A former Assistant United States Attorney and current conservative analyst, McCarthy attempts to counteract Petraeus’ effects in the National Review with the message we so recently predicted, and uses my “nettlesome” self in the process.
Though grouped in with other “Islamic sympathizers,” how can we interpret McCarthy’s attention other than flattery to place us in the company of Stephen Walt? Random that may be.
“As night follows day, Islamist sympathizers leapt on a statement from CENTCOM’s commander that Israel causes America’s problems. Stephen Walt, the Kennedy School’s reliable Israel-basher (and, many years ago, Petraeus’s faculty adviser at Princeton), quoted the general’s testimony to bolster Walt’s argument that Israel’s policies threaten American security and interests. Rami Khouri, a renowned Palestinian-American progressive who blames Ariel Sharon for the existence of Hamas and Hezbollah, could barely contain his delight that Petraeus had “openly criticized Israel.” “The top military leadership speaking out in public with such clarity,” he proclaimed in Middle East Online, “is about as serious as it gets in terms of credible criticisms in Washington.” His views were amplified elsewhere: “By now General David Petraeus’s warning that U.S. policy with Israel is negatively affecting the Middle East has spread far and wide,” wrote James Gundun in the Palestinian Chronicle. “Petraeus believed that Israel hadn’t gotten the message yet and so lit a fire under the White House, hoping it too would learn a lesson.”We couldn’t be happier with the chosen quote. Petraeus’ initial impression is still spreading otherwise McCarthy wouldn’t focus on him, and he is far from Israel’s last shaper.
But as we also argued after Petraeus first made headlines on Foreign Policy, the overriding issue isn’t his interpretation of Israel. His opinion, as reported at the time, were weighty but commonplace. The bigger picture was a jumbled US counterinsurgency strategy being pulled in different directions by the White House, Congress, the Pentagon, and special interest groups like the Israeli and Indian lobbies.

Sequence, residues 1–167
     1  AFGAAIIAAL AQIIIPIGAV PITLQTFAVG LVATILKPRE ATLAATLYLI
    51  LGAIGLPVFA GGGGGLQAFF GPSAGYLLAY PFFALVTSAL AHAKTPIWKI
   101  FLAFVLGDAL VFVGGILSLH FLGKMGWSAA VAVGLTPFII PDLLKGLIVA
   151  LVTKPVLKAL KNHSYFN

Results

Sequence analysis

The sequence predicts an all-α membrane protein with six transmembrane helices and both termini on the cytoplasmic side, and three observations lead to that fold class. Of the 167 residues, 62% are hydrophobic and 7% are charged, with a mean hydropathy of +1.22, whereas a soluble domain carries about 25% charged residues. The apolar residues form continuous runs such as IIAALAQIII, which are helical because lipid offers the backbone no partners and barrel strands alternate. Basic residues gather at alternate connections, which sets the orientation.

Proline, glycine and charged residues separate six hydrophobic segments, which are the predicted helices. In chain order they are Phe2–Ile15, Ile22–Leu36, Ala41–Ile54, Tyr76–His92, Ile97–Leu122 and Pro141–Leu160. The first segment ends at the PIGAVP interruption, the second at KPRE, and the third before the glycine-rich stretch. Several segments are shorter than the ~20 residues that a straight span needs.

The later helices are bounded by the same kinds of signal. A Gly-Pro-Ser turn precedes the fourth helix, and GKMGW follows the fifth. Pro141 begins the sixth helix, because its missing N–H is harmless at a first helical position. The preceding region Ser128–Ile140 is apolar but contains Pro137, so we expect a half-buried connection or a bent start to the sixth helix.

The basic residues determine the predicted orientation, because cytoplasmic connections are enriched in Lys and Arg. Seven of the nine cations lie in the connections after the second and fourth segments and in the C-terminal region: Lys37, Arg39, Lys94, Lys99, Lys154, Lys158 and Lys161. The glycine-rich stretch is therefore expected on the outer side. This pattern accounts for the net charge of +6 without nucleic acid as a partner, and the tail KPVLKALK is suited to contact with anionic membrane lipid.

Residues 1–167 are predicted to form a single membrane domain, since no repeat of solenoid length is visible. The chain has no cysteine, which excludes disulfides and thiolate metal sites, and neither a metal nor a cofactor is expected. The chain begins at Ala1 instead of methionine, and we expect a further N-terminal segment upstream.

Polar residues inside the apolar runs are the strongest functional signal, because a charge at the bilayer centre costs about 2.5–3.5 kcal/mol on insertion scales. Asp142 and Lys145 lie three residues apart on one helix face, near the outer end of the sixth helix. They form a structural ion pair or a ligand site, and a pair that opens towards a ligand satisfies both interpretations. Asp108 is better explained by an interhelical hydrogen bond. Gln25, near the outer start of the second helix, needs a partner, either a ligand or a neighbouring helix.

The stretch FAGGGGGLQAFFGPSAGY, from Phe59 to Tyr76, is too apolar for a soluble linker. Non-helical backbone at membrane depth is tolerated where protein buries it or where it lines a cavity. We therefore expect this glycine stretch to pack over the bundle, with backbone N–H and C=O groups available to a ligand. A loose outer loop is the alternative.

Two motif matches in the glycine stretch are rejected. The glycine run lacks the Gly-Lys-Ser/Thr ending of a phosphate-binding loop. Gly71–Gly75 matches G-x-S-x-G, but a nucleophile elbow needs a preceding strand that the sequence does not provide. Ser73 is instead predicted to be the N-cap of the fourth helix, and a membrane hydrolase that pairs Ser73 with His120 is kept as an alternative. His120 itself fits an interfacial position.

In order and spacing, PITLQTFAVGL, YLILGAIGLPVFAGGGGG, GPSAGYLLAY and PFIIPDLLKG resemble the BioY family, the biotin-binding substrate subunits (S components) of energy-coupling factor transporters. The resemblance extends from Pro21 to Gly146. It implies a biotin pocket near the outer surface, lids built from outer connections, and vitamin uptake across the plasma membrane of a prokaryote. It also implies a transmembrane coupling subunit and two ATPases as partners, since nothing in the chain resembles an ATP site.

The resulting policy has sought, during globalization, to disconnect Palestine from the Middle Eastern stability and Kashmir from South Asia.
The backlash from Petraeus himself and his defenders feeds into this problem. By making the slightest attempt to divert blame onto Foreign Policy and the blogosphere, the US public is being told to stay silent on military matters, not just Israel. Petraeus was policed in a way he’s still unaccustomed to and that, along with pressure from Israel, is why he objected.
For a general to feel this way in a democracy, where US military officials have no direct accountability to the US public, is illuminating. Far from the days of Greece and Rome are we.
Bloggers are not the problem even if they did overly spin Petraeus’ words. We deal in reality, not political correctness or mainstream propaganda, and the reality is that bloggers have become a part of America’s civil sphere. We may be a generally uninformed mass, but how does that differ from democracy?
Or from the US media for that matter? To condemn bloggers rather than adapt to them suggests the US military isn’t fully keeping up to speed with the new media era.
But we know Petraeus understands the effects of perception in war, of Israel and the Internet, and that he isn’t as naive as he’s spinning himself. Thus Petraeus is further muddling US counterinsurgency by letting Pandora out and then trying to stuff her back in. This is, frankly, unhelpful.
I wonder if that will make us “terrorist groupies” too.